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Business Consulting For The 21st Century Via A Holistic & Intelligent Approach

SEO Is Not Like Bottled Water

Consumed => “Silos, Architecture, and Linking…Oh My!” by Stoney deGeyter on SearchEngineGuide.com.

http://www.searchengineguide.com/stoney-degeyter/silos-architecture-and-linkingoh-my.php

Worth the click if only for the first paragraph. I wish more people (read: clients) understood the importance of holistic upfront planning and how that impacts SEO as well as UX.

Left a comment…

Thanks again. Always a good place to pop by over morning coffee :)

Do you mind if I chime in? Good, thanks….

1) “First, it creates too many options. ” While that might be true if you try to tackle the whole, a sense of hierarchy can fix this. For example, a Top 10 or maybe even Top 20 with a “Show All” option. Or what about a tag cloud? In fact, that could be headline tagged too, no?

2) While the structure you suggest is SEO friendly it’s possible it’s not user friendly. That is, maybe people don’t shop by category – or at least how the categories might typically be defined. The best example that comes to mind is a supermarket. If I’m cooking a meal I would probably move across silos, not within them. I do agree with you. I’m simply noting to be mindful of exceptions.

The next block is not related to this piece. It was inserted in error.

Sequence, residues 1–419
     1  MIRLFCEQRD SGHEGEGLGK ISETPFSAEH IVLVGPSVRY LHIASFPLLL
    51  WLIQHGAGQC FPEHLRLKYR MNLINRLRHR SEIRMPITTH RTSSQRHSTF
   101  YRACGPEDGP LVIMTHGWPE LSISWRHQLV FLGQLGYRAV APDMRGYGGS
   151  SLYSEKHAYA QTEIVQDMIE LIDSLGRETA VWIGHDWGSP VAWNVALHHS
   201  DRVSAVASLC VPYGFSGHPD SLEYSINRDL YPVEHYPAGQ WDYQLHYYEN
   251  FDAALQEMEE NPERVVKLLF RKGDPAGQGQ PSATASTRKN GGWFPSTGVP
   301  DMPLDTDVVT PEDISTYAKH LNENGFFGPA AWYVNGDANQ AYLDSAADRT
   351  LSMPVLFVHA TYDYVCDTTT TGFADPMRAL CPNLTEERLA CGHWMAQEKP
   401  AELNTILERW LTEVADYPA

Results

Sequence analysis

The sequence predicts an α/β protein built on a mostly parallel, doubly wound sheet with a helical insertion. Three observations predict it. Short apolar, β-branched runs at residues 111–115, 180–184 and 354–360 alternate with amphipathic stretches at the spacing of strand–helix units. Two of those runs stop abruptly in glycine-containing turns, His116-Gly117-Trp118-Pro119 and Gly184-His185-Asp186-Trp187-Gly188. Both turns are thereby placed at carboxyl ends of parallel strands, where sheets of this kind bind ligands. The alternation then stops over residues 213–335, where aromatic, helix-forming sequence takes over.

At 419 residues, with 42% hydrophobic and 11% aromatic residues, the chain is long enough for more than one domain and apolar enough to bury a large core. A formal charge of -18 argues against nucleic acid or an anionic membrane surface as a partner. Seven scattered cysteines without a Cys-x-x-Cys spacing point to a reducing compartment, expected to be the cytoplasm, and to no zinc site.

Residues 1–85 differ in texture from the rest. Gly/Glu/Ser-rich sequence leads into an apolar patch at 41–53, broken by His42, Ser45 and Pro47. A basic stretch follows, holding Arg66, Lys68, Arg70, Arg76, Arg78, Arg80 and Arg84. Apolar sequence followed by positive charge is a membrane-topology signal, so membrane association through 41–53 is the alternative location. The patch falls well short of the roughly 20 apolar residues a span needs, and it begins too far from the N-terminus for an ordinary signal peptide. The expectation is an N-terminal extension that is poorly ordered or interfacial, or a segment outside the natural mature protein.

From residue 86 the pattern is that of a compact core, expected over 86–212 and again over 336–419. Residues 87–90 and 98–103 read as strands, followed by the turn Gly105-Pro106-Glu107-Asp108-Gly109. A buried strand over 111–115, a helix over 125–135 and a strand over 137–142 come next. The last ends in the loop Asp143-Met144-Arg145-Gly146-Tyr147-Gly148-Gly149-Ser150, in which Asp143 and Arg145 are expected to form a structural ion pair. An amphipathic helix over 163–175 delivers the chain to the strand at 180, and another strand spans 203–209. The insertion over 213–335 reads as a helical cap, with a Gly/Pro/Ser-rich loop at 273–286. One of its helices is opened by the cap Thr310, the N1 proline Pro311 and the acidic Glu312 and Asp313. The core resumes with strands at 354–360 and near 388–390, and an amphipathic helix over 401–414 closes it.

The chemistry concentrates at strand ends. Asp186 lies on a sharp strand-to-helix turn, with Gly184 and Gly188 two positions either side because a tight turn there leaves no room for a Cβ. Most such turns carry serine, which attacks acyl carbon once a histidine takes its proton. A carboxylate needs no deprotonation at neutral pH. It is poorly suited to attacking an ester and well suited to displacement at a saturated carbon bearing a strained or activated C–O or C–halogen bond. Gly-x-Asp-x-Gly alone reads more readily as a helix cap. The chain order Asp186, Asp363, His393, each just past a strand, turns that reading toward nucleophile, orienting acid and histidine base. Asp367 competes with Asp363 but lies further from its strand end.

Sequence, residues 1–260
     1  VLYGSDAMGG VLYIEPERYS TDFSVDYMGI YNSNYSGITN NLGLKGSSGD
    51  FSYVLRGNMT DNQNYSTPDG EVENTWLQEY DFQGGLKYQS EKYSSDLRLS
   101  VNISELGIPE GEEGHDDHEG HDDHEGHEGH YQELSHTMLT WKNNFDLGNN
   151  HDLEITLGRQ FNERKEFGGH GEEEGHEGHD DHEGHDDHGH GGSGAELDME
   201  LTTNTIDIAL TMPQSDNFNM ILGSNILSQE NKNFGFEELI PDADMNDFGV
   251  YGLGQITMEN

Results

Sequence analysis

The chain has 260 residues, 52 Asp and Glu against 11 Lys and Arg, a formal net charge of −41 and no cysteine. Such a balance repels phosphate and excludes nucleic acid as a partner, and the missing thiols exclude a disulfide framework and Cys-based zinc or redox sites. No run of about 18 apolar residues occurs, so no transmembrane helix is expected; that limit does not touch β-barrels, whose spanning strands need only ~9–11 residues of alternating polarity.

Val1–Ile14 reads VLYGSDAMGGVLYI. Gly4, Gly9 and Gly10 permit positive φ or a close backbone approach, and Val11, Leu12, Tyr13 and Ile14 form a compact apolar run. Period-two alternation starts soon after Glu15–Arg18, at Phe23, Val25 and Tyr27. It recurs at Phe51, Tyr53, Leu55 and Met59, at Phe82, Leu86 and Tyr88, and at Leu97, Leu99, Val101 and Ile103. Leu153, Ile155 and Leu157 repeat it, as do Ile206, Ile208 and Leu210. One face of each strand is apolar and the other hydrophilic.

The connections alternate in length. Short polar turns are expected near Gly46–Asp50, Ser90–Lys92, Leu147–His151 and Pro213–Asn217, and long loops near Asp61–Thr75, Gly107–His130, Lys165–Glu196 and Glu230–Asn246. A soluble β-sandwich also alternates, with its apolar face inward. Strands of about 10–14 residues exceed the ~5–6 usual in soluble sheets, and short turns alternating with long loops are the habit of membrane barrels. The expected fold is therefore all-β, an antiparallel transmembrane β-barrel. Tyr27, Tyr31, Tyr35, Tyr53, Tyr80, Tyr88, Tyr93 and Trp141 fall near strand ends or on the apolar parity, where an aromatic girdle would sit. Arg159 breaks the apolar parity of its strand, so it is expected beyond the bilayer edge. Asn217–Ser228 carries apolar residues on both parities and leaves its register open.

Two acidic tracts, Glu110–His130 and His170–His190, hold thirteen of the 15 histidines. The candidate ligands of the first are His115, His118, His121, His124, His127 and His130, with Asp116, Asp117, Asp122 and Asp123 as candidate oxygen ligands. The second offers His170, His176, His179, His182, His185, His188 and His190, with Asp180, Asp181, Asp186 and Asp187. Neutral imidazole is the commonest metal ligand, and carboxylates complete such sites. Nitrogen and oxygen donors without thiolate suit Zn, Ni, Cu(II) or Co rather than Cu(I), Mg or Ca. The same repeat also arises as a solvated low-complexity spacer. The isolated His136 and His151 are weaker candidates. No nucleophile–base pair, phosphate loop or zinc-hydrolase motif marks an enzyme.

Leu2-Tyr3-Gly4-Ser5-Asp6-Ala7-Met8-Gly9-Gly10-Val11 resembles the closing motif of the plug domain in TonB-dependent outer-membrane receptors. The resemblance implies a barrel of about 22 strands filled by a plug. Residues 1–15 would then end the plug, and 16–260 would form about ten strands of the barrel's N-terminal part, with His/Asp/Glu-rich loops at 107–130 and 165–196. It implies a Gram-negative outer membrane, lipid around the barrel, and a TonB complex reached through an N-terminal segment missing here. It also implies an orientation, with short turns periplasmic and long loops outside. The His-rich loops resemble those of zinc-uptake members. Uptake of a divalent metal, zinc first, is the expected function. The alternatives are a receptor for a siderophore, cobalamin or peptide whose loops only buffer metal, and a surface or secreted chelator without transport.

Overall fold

BTW, the first paragraph is brilliant. I’m not even a pure bred SEO guy like yourself and even I understand SEO (if to be done correctly and efficiently) should not be an after thought. It’s funny how often I hear, “I just need some SEO…” as if it’s bottled water or something. And when you try to explain that their highly paid web designer mucked it all up they don’t want to hear that truth.

Thanks again.

Oddly enough, in the middle of my second coffee I had another comment to add…

Opps, the second cup of coffee just kicked in. One more thing…

What is somewhat ironic here is that in making the site SEO friendly, users are less likely to come in via the home page. That is for example, they search for category/product X and come in right to that page. At that point the “navigation” was provided by the search engine.

Obviously, it’s true, they may need to go elsewhere. But one could certainly argue that their UX (up until that point) is different than the person who came in via the home page. In other words, they might have different expectations of the navigation, etc.

I don’t really have an answer here. It’s just a thought. A thought that might trigger a conversation and/or a future article from SEG?

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